Wednesday, February 20, 2013

Gone Girl

Everything has already been said that needs saying, I'm aware, about Gillian Flynn's bestselling Gone Girl. I'd read it hot off the press, but CA and I needed an audio book for our return drive from the beach. I discovered that you can get bargain prices on audio books through Amazon/Audible, if you've previously purchased the e-book. Therefore, soon CA was hooked into the story and just enough time passed
since my reading it, that I could enjoy a retelling.
These words got to me. The audible words stopped me in my tracks. Then when I referenced back to the ebook I read many months ago, I found I'd previously highlighted these same words.
For several years, I had been bored. Not a whining, restless child's boredom (although I was not above that) but a dense, blanketing malaise. It seemed to me that there was nothing new to be discovered ever again. Our society was utterly, ruinously derivative (although the word derivative as a criticism is itself derivative). We were the first human beings who would never see anything for the first time. We stare at the wonders of the world dull-eyed, underwhelmed. The Mona Lisa, the Pyramids, the Empire State Building. Jungle animals on attack, giant icebergs collapsing, volcanoes erupting. I can't recall an amazing thing I've seen firsthand that I didn't immediately reference to a movie or a TV show. A f___ing commercial. You know the awful singsong of the blasé: Seeeen it. I've literally seen it all. And the worst thing, the thing that makes me want to blow my brains out, is: The secondhand experience is always better. The image is crisper, the view is keener. The camera angle and the soundtrack manipulate my emotions in a way reality can't anymore. I don't know that we are actually human at this point, those of us who are like most of us, who grew up with TV and movies and now the Internet. If we are betrayed, we know the words to say; when a loved-one dies, we know the words to say. If we want to play the stud or the smart-ass or the fool, we know the words to say. We are all working from the same dog-eared script.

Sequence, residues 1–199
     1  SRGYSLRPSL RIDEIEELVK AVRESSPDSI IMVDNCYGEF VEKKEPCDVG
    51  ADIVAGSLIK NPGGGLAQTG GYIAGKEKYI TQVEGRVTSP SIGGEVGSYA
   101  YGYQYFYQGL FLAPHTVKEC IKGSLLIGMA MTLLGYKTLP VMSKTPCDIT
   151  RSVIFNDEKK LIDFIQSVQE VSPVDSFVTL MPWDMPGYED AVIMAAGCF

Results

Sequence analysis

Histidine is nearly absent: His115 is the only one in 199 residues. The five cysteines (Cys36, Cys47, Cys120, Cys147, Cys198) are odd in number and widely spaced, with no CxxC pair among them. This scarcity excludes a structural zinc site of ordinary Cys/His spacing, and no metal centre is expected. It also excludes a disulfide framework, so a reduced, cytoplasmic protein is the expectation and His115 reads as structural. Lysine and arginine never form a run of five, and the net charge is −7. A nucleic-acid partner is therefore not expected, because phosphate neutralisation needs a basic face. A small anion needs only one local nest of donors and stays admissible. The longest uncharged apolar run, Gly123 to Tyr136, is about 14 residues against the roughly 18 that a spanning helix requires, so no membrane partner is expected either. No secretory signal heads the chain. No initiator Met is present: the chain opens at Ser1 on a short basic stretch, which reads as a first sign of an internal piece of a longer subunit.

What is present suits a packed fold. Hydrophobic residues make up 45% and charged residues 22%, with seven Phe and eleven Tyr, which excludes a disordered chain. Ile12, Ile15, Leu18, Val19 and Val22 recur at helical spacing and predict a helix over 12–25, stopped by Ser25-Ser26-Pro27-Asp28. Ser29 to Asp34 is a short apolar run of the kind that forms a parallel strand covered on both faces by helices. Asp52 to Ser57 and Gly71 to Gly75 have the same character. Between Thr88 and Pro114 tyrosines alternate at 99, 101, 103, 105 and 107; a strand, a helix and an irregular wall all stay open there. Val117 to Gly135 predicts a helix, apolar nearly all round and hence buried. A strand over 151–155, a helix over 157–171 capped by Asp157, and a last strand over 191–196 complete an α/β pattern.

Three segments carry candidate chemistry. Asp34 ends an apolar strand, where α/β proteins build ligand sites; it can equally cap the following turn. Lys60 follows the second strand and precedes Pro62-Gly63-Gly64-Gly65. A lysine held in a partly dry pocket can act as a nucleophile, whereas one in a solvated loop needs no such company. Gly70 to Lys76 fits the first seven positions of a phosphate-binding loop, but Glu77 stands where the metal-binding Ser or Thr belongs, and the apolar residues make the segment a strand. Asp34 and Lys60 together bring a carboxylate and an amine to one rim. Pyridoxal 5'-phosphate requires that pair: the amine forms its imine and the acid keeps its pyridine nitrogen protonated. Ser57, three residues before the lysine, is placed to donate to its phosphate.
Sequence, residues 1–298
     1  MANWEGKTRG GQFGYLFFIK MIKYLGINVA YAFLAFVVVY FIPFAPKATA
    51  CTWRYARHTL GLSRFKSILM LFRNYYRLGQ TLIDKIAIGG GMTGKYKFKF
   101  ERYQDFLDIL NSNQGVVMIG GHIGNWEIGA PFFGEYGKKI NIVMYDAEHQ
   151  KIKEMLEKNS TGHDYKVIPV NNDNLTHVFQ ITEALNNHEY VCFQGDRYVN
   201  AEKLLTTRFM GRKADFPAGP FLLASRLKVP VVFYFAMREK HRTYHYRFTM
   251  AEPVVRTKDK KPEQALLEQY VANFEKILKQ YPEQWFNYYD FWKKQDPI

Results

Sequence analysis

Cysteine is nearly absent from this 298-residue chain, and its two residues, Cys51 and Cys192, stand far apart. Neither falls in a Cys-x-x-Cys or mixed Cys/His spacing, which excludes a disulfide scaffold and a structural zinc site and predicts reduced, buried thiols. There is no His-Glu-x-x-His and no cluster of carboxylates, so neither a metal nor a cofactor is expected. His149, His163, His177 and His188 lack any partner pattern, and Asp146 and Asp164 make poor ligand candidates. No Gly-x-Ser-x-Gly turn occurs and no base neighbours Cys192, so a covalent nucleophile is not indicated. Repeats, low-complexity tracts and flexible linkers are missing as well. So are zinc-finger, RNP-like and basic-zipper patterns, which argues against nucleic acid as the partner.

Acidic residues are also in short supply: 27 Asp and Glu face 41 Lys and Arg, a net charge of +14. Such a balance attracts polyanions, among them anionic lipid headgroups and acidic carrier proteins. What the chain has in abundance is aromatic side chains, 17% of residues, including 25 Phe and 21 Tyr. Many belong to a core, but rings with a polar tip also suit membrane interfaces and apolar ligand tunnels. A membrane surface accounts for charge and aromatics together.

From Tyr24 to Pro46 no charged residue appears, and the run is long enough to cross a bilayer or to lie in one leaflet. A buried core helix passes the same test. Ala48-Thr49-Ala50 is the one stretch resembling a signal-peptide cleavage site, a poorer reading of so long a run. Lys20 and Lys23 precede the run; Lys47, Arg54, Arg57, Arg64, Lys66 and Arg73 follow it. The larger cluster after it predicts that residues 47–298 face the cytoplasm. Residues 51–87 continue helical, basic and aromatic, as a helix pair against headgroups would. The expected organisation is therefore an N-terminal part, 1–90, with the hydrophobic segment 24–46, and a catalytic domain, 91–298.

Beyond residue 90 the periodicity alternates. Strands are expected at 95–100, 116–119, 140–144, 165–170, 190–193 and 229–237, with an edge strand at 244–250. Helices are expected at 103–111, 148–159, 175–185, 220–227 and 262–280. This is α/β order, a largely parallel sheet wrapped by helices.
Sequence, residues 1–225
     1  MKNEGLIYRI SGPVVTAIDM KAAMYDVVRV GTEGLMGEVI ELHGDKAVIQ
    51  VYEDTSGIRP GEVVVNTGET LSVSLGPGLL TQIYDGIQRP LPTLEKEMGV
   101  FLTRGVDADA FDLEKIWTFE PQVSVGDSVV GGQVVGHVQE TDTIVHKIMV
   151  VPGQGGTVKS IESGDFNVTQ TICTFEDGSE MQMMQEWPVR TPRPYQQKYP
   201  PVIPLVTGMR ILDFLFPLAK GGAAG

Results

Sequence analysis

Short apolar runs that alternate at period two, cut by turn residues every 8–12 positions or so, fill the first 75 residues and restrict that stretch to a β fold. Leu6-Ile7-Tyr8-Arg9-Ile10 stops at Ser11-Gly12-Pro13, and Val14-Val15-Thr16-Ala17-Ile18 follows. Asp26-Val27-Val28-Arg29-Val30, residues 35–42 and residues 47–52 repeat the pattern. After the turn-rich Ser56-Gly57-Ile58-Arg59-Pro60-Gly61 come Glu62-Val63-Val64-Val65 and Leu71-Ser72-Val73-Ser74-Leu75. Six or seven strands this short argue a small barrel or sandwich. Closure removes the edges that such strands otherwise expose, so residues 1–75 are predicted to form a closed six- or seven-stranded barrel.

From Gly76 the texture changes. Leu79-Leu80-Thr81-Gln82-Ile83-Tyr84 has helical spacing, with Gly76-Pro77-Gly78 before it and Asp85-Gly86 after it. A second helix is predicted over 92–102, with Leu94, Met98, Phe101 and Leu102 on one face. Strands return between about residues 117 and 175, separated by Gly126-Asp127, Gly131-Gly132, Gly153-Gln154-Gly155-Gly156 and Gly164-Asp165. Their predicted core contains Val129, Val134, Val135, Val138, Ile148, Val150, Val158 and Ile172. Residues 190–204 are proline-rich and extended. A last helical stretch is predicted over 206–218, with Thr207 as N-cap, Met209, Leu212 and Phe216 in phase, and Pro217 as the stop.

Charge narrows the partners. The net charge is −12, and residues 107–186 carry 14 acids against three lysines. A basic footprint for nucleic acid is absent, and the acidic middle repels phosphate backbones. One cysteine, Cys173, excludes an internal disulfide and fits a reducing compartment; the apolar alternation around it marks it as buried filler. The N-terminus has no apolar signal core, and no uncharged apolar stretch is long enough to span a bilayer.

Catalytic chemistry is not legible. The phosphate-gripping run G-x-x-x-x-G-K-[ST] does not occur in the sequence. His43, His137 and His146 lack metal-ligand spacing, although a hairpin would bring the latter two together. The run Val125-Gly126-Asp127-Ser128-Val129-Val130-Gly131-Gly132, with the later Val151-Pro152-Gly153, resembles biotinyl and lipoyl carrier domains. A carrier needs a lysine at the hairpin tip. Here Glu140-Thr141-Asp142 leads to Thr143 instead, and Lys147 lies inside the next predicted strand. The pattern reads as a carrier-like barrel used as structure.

It's a very difficult era in which to be a person, just a real, actual person instead of a collection of personality traits selected from an endless Automat of characters.
And if all of us are playacting, there can be no such thing as a soulmate, because we don't have genuine souls. It had gotten to the point where it seemed like nothing matters, because I am not a real person and neither is anyone else.

I would have done anything to feel real again.
Nick Dunne's words
One Day Gone

Tears. I felt actual tears forming as I copied this section. Such despair and raw poignancy. There's truth here, but also a hopelessness that isn't truth.

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